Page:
Linda Schmidt
Professor
Department of Mechanical Engineering
A. James Clark School of Engineering
 
First woman to receive tenure in the
Department of Mechanical Engineering

 

 

“I received a lot of advice from both male and female colleagues on ‘how to fit’ in order to be successful. I was just too stubborn to follow all the advice, and this risk gave me a lot of anxiety. Earning tenure gave me confidence in being myself and demonstrated that the traditional professor model is becoming more inclusive.”

 

Linda C. Schmidt is a Professor in the Department of Mechanical Engineering at the University of Maryland and an ASME Fellow, who joined the University of Maryland in 1995 as an Assistant Professor. In 2001, she became the first woman to achieve tenure in the Department of Mechanical Engineering. Her research interests are in understanding the process by which early stage, engineering design tasks are successfully completed in order to create effective methods for learning design and preserving knowledge that arises in the process. Her current work involves studying student design journal content for insight on thinking during design. Schmidt is also George Dieter's co-author for the 4th, 5th, and upcoming 6th editions of the McGraw Hill text “Engineering Design."

 


Laura Stapleton
Professor & Associate Dean
Department of Human Development & Quantitative Methodology
College of Education
 
First woman to reach the rank of Professor in the
Measurement, Statistics & Evaluation Program

 

 

“I think that it is quite telling of the current culture of the Measurement, Statistics and Evaluation program that, until this nomination, I had not even realized that I was the first female to be promoted to the rank of Professor. The support that I have received from my mentor and colleagues in the department made it an easy and, more important, enjoyable journey.”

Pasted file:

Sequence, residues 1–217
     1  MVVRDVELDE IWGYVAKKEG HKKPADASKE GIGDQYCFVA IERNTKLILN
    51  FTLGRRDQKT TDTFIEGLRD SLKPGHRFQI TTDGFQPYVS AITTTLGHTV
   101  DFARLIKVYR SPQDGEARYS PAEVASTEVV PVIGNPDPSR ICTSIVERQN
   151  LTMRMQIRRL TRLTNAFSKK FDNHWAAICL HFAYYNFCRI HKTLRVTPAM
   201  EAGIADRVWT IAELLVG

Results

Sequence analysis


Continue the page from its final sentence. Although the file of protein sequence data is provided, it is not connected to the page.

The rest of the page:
Laura Stapleton is Associate Dean for Research, Innovation, and Partnerships in the College of Education. She is also a Professor in Measurement, Statistics and Evaluation in the Department of Human Development and Quantitative Methodology. She joined the faculty at Maryland in the fall of 2011 after being on the faculty in Psychology at the University of Maryland, Baltimore County and in Educational Psychology at the University of Texas, Austin. Prior to earning her Ph.D. in 2001, she was an economist at the Bureau of Labor Statistics and, subsequently, conducted educational research at the American Association of State Colleges and Universities and as Associate Director of institutional research at the University of Maryland.

 


Bonnie Thornton Dill
Professor & Dean
College of Arts & Humanities
 
First African American woman Dean
of College of Arts & Humanities

 

 

“I am pleased to have an opportunity to bring new perspectives and experiences to the leadership of the College of Arts and Humanities and am grateful to the many people who have contributed to my journey. Their guidance, support, encouragement, and confidence in my ability to handle the challenges and hyper-visibilty that comes with being a ‘first’ have been gratifying. One of my goals is to help develop more leaders who will bring even greater diversity to the University of Maryland and to higher education across the United States.”